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Potted Date Palm in Saint-Guilhem Cloister

Photograph by Barbara Bell.

The date palm (Phoenix dactylifera) is one of two medieval species of palm grown in pots at The Cloisters. The other is the fan palm (Chamaerops humilis).

The single-stemmed date palm takes thirty years to reach maturity, and can live two hundred years. The tree, which can attain a height of eighty feet and whose drooping fruit clusters can weigh as much as fifty pounds, has a long period of juvenility (Moldenke and Moldenke, Plants of the Bible, 1952). Thus we are able to grow young specimens of various sizes in containers for display, although none are mature enough to bear dates.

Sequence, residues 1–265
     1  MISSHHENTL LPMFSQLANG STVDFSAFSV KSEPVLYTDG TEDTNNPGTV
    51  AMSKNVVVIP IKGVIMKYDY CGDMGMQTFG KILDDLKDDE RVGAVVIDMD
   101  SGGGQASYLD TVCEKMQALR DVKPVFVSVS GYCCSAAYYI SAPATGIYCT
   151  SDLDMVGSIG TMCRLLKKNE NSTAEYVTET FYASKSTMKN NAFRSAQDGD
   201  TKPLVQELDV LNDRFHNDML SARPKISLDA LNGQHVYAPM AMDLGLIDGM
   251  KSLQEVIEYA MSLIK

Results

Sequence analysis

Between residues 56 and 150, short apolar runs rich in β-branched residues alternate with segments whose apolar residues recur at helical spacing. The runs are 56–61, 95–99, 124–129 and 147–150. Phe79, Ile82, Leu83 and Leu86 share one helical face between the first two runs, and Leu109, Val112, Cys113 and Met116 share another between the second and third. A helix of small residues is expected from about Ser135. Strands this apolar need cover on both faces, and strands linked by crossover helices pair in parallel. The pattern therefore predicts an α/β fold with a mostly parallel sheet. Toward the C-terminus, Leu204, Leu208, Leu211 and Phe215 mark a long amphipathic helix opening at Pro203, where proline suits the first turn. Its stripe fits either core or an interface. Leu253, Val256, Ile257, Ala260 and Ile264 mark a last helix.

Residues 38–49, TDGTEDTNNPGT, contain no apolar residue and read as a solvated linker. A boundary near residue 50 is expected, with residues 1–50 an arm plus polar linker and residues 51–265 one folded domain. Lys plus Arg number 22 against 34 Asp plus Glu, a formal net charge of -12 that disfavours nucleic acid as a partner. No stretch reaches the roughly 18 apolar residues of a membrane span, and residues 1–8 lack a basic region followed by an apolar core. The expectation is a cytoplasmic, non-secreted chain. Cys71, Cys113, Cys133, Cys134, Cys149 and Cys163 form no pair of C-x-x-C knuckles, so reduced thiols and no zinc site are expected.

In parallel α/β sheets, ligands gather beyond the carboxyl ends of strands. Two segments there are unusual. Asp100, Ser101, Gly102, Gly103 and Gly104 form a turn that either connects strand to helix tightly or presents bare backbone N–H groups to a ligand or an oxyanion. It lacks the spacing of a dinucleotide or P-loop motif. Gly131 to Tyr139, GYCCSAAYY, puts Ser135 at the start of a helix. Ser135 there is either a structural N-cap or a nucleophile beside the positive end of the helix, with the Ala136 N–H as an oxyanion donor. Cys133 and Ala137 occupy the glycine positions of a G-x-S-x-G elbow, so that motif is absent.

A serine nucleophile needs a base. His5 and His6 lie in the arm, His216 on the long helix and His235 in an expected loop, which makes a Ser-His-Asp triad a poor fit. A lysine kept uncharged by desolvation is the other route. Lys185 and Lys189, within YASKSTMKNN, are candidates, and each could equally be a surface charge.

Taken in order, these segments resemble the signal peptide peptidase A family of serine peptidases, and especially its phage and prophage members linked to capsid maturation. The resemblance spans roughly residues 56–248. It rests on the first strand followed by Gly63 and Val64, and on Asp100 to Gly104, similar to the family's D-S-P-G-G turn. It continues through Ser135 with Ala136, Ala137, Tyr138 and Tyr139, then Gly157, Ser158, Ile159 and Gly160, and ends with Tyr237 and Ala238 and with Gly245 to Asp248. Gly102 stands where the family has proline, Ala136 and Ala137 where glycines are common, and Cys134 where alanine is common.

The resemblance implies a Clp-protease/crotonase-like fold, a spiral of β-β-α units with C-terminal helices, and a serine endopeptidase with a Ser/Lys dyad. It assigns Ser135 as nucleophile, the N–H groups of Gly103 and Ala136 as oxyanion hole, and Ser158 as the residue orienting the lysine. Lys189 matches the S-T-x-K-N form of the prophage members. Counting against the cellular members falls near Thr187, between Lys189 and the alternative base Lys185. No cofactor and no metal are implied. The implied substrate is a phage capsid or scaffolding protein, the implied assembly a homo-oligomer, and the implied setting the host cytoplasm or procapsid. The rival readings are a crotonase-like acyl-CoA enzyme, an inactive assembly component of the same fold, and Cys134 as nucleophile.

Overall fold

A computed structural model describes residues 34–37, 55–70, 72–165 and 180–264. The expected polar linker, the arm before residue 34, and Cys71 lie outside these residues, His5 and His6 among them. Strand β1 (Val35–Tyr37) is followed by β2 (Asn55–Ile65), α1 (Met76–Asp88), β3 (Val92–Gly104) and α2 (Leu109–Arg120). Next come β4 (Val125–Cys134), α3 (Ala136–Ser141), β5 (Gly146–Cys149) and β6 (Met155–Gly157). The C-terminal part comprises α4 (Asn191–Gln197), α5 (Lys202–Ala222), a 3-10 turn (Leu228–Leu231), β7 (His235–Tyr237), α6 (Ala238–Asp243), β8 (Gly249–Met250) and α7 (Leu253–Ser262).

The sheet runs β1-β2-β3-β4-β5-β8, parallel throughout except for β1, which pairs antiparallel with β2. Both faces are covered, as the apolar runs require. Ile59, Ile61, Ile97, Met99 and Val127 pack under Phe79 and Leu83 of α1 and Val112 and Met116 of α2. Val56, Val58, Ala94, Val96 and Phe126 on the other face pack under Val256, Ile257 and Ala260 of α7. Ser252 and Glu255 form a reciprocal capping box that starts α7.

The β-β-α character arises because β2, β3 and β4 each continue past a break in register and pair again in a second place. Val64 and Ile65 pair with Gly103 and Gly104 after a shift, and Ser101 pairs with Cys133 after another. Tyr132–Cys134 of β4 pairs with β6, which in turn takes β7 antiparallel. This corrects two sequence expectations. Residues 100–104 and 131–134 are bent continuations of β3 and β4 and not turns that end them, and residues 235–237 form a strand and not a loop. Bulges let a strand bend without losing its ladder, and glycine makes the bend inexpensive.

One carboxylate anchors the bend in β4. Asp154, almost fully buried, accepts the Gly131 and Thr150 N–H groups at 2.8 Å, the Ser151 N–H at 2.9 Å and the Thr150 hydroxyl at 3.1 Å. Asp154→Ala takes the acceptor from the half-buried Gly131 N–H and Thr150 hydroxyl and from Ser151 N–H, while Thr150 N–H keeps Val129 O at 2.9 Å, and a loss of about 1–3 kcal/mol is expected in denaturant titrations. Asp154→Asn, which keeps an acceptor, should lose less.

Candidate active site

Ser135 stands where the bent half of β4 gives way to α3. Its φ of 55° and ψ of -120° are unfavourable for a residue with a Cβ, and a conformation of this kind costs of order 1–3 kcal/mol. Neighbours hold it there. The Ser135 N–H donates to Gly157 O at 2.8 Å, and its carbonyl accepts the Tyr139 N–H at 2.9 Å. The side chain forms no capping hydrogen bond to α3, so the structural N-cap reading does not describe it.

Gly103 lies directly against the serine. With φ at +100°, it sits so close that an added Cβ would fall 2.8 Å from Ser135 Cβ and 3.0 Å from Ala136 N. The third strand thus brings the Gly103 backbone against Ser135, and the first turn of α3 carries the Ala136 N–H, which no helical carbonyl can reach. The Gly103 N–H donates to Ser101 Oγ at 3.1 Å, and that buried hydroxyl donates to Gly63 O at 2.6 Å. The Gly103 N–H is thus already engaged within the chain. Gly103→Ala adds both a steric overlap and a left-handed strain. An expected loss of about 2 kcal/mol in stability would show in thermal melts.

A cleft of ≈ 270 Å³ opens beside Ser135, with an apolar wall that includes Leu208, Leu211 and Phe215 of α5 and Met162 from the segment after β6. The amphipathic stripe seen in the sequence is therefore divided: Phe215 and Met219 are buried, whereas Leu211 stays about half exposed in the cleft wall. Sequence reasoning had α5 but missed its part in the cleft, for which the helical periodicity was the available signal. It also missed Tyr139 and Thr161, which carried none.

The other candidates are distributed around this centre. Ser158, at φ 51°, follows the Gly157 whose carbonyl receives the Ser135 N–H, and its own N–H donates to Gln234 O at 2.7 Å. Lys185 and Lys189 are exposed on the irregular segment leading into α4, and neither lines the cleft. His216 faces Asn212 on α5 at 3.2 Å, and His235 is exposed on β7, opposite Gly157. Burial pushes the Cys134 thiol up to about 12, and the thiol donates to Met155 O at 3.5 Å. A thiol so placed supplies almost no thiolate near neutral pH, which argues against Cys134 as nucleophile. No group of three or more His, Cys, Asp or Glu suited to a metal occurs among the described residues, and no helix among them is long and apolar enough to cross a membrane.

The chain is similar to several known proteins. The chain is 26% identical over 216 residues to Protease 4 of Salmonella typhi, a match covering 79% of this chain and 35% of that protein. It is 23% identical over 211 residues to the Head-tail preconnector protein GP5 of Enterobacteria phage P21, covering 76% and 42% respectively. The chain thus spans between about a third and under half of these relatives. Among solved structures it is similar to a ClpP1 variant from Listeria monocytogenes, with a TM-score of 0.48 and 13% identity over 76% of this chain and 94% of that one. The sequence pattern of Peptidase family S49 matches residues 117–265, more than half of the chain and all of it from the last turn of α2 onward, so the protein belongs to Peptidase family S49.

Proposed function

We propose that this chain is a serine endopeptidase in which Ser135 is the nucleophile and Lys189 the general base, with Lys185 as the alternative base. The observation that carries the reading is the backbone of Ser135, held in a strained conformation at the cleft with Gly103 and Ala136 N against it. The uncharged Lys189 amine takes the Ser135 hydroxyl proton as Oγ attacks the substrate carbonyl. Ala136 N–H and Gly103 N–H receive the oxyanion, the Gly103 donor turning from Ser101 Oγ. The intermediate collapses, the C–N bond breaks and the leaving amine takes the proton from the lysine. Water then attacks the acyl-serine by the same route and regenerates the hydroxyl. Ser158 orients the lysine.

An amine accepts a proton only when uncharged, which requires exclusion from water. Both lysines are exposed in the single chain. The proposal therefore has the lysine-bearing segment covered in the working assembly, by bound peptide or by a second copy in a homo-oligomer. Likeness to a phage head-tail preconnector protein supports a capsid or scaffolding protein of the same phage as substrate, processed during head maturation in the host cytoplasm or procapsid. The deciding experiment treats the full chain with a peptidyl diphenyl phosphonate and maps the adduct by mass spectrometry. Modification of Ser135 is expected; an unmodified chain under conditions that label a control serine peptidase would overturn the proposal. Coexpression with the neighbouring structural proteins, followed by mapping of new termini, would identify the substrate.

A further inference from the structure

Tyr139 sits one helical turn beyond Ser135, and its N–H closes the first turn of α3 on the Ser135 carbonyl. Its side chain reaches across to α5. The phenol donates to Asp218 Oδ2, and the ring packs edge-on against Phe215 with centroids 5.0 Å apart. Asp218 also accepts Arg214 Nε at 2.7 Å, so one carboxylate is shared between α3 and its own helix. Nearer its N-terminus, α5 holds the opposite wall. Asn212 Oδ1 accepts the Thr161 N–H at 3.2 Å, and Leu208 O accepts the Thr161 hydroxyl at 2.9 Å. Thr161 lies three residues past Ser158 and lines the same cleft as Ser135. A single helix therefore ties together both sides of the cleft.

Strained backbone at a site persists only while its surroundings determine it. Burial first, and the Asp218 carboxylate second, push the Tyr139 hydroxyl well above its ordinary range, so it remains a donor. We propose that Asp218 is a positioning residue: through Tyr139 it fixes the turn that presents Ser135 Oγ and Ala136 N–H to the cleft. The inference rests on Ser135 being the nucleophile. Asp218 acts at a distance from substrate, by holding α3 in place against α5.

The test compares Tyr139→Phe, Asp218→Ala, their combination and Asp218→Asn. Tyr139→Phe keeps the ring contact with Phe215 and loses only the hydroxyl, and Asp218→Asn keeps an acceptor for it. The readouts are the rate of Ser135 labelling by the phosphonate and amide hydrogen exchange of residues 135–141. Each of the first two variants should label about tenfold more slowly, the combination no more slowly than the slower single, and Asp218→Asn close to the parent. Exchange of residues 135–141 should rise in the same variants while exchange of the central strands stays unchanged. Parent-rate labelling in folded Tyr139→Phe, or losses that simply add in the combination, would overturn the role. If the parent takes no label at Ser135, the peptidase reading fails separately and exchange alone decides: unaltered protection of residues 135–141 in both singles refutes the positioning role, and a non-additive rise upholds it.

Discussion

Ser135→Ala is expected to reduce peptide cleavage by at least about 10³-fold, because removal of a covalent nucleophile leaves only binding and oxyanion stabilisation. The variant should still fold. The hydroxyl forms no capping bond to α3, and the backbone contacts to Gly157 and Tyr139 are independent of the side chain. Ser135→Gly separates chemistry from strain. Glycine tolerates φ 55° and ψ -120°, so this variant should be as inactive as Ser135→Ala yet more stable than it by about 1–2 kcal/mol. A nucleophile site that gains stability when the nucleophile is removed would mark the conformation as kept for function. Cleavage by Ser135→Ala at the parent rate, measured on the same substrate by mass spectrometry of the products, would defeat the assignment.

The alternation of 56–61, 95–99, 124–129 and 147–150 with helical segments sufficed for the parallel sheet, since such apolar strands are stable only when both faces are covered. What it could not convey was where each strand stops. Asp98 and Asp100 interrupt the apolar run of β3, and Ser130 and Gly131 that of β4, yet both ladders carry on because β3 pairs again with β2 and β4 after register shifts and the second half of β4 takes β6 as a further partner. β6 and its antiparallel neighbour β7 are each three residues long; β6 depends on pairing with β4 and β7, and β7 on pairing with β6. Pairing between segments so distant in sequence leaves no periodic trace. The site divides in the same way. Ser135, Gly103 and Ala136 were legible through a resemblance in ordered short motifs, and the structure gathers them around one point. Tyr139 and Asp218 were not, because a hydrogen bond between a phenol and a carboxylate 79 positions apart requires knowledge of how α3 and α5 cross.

Date palms are dioecious, i.e, there are both male and female date palm trees. It appears that even in Mesopotamian antiquity, the need to bring the male and female flowers together in order to ensure good fruiting was recognized, although it would be many, many centuries before plant sexuality was understood. The Greek botanist Theophrastus records the ancient practice of dusting the fruit of the female palm with bloom cut from the male in order to ensure that the fruit persisted and ripened (George Sarton, “The Artificial Fertilization of Date-Palms in the Time of Ashur-Nasir-Pal B.C. 885–860,” Isis, Vol 21, No. 1, 1934).

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